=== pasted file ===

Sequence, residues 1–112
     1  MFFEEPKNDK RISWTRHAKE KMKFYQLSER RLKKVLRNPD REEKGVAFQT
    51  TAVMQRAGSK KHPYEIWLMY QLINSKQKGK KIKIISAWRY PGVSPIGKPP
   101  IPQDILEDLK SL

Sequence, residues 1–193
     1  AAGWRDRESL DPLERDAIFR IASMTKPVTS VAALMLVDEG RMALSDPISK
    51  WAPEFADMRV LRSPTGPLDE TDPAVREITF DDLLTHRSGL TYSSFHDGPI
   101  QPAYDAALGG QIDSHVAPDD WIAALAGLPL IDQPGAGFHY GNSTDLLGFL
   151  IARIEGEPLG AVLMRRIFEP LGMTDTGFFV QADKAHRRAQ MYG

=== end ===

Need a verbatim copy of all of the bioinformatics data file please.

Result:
Sequence, residues 1–112
     1  MFFEEPKNDK RISWTRHAKE KMKFYQLSER RLKKVLRNPD REEKGVAFQT
    51  TAVMQRAGSK KHPYEIWLMY QLINSKQKGK KIKIISAWRY PGVSPIGKPP
   101  IPQDILEDLK SL

Sequence, residues 1–193
     1  AAGWRDRESL DPLERDAIFR IASMTKPVTS VAALMLVDEG RMALSDPISK
    51  WAPEFADMRV LRSPTGPLDE TDPAVREITF DDLLTHRSGL TYSSFHDGPI
   101  QPAYDAALGG QIDSHVAPDD WIAALAGLPL IDQPGAGFHY GNSTDLLGFL
   151  IARIEGEPLG AVLMRRIFEP LGMTDTGFFV QADKAHRRAQ MYG